Archives for August, 2009

“Yes Sir, she got her safety training”

Our colleague Mark Catlin (SEIU and APHA OHS Section) has done it again, finding another amazing collection of historical films with worker safety themes.  The latest were produced by the U.S. Federal Security Agency’s Office of Education in 1944, entitled “Problems in Supervision: Instructing Workers on the Job.”   They were produced for the federal government by…

FDA to Finally Reconsider Safety of BPA

Last year, FDA disappointed us by insisting that there was no cause for concern about the presence of the chemical bisphenol A in food and beverage containers. An expert panel charged with evaluating the FDA’s draft assessment strongly criticized the agency for its severely limited exposure assessment and the criteria it used to assess BPA…

As the summer has worn on and Congressional committees have come out with specific proposals, healthcare reform supporters are getting a better sense of what we can reasonably hope to get out of this round of reform and what will have to wait.

Occupational Health News Roundup

The Washington Post’s Sholnn Freeman, noting that the last six fatal airplane accidents in the US involved regional airlines, investigated the conditions of regional air crewmembers and found that they struggle to get adequate sleep near the airports from which they fly: At first sight, the Sterling Park house looks like an ordinary split-level, complete…

Heatstroke in the Fields

For a lot of us, summer means sitting in air-conditioned offices and complaining to our co-workers about how hot it is outside. For farmworkers, summers mean hours of toil under a hot sun, in conditions that can be fatal. Working in the heat doesn’t have to mean death, as long as workers can rest in…

Learning OHS from Sir Thomas Legge

I’m reading a wonderful collection of public health success stories, in the collection assembled by John W. Ward and Christian Warren entitled “Silent Victories: The History and Practice of Public Health in 20th Century America”  (Oxford, 2007.)  Our colleagues Tony Robbins and Phil Landrigan wrote a chapter on occupational disease and injury prevention, and in…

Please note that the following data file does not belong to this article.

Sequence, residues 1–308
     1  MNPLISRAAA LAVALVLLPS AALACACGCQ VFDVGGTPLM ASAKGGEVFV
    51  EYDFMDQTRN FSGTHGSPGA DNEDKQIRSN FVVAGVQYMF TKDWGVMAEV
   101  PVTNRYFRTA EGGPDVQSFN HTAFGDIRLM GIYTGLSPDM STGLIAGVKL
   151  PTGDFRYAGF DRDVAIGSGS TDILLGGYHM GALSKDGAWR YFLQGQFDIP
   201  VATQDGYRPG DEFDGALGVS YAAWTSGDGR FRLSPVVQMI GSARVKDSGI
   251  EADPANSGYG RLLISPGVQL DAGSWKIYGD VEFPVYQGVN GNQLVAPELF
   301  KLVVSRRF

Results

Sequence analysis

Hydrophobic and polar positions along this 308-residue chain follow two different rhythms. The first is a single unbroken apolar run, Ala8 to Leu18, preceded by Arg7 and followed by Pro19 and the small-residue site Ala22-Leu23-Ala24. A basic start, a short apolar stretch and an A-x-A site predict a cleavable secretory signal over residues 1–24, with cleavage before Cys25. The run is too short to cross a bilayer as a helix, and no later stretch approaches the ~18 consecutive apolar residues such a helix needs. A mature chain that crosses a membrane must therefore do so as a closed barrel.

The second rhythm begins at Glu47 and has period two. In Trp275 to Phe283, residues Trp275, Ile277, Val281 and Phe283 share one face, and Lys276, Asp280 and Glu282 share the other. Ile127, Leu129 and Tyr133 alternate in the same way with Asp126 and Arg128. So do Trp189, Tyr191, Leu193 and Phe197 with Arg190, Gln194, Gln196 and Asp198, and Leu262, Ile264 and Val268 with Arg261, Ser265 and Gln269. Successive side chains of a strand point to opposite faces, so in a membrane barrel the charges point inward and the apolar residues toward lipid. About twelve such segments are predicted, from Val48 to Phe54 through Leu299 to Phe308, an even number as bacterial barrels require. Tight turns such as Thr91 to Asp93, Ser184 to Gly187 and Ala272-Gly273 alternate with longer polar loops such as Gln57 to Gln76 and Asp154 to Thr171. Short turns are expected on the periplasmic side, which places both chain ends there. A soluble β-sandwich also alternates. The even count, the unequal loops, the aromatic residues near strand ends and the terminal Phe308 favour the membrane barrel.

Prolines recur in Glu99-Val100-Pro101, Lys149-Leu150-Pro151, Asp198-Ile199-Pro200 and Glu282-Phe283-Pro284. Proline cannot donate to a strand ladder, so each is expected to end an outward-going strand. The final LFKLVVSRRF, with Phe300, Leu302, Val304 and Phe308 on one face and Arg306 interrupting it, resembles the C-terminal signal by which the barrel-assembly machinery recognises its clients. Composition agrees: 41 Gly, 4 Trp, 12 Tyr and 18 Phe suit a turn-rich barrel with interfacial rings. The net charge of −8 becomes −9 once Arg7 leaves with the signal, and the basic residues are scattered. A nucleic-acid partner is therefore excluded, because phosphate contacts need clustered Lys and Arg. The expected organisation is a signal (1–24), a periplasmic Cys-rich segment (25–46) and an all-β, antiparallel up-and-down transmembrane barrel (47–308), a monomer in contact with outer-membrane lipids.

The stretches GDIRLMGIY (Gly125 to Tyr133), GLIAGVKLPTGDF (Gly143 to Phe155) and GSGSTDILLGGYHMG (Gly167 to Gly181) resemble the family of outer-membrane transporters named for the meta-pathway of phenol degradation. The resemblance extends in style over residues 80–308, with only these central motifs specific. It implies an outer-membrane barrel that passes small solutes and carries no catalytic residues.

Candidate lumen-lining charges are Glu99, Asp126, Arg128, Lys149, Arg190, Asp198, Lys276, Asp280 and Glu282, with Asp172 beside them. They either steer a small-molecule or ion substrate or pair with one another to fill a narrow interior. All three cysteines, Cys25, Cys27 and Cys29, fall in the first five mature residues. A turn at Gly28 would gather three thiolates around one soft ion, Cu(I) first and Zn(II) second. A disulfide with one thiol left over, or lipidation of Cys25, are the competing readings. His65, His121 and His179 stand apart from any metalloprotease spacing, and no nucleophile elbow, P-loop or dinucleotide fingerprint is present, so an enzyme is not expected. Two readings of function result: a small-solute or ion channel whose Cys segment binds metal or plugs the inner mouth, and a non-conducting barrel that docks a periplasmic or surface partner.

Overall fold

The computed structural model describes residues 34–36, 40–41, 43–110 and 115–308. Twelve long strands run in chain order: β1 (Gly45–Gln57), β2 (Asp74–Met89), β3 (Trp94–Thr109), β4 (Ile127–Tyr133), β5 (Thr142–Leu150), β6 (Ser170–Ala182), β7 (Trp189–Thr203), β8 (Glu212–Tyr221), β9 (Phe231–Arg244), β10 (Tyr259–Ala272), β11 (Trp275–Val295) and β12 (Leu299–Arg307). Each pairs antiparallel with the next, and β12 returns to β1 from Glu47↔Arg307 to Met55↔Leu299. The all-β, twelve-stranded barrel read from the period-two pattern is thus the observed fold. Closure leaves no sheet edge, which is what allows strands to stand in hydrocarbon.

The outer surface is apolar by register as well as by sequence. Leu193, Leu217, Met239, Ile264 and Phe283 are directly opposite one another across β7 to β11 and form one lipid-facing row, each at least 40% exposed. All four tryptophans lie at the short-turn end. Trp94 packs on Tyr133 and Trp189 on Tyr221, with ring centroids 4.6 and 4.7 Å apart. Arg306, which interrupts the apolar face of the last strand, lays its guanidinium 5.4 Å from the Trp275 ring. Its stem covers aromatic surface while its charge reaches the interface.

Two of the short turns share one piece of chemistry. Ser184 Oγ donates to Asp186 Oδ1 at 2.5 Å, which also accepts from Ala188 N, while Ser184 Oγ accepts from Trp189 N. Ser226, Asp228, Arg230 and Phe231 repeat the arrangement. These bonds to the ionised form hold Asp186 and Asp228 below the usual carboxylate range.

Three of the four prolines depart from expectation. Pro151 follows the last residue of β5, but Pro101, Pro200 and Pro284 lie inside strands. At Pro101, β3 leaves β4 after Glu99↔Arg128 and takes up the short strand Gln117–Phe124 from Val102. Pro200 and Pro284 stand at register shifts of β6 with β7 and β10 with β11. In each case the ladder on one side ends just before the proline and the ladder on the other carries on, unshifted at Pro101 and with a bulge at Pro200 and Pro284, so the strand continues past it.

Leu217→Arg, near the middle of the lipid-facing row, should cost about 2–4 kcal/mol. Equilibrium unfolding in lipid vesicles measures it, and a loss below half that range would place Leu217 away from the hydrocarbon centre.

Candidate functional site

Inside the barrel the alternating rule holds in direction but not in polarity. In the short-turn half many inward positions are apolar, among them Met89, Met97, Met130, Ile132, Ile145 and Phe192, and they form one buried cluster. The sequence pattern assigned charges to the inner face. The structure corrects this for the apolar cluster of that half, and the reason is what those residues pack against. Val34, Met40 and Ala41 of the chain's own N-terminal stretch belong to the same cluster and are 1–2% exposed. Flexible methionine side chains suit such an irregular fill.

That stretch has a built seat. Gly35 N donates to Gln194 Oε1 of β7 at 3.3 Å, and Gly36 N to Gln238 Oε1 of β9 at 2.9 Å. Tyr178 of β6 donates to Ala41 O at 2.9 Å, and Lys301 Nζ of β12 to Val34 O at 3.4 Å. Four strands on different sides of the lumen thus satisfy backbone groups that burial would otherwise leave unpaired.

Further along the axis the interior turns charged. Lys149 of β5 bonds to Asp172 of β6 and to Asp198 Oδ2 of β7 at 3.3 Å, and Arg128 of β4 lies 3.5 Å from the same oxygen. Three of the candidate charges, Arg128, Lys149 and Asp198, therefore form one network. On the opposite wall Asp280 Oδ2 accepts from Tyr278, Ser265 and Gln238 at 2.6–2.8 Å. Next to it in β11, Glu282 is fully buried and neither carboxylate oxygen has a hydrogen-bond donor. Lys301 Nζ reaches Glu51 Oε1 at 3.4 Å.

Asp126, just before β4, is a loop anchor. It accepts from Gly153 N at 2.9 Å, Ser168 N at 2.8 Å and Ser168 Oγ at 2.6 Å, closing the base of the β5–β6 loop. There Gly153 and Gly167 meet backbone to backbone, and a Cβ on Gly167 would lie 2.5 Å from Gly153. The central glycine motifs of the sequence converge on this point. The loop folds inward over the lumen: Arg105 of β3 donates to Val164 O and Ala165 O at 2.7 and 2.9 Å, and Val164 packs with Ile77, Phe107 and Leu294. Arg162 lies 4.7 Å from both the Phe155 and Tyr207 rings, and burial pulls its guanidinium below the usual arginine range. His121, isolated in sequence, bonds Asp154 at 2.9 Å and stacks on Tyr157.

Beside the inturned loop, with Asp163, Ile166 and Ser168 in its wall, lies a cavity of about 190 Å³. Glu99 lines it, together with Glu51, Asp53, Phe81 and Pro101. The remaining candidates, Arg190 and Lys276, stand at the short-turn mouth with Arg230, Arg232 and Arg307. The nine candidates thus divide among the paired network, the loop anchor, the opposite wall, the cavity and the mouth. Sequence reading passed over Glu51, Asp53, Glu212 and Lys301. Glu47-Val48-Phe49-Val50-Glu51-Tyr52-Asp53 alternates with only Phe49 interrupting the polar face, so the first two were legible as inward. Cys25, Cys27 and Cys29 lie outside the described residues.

Tinkering, or real changes to OSHA VPP?

In May, the Government Accountability Office issued a critical report assessing OSHA’s program for monitoring its designated Voluntary Protection Program (VPP) sites.  There are about 2,200 of these VPP site across the country which have met the written program and on-site evaluation criteria.  A VPP designation exempts the worksite from programmed OSHA inspections, and if an inspection is conducted—because of a complaint, referral or fatality/catastrophe—-the employer…

Violence Against ER Nurses

In a national survey by the Emergency Nurses Association, more than half of emergency-department nurses reported that they’ve been physically assaulted on the job. For many nurses, being assaulted is a recurring problem: Approximately one-fourth of the 3,465 respondents reported experiencing physical violence more than 20 times in the past three years. While all hospital…

CDC happenings

by revere, cross-posted from Effect Measure Things have been quiet at CDC but apparently they have been changing. First, Dr. Richard Besser, who acquitted himself ably as Acting Director after January 20 until early June when Obama’s new appointment, Dr. Thomas Frieden took over, has decided to leave CDC for television. Yes, television. Many at…

Senators propose changes to OSH Act

In the U.S. Senate last week, between the debate and the vote on judge Sonia Sotomayor to serve as a justice of the U.S. Supreme Court, Majority Leader Harry Reid introduced  S. 1580, on behalf of Senator Edward Kennedy, a bill to amend the Occupational Safety and Health Act of 1970.  As far as I can tell, its…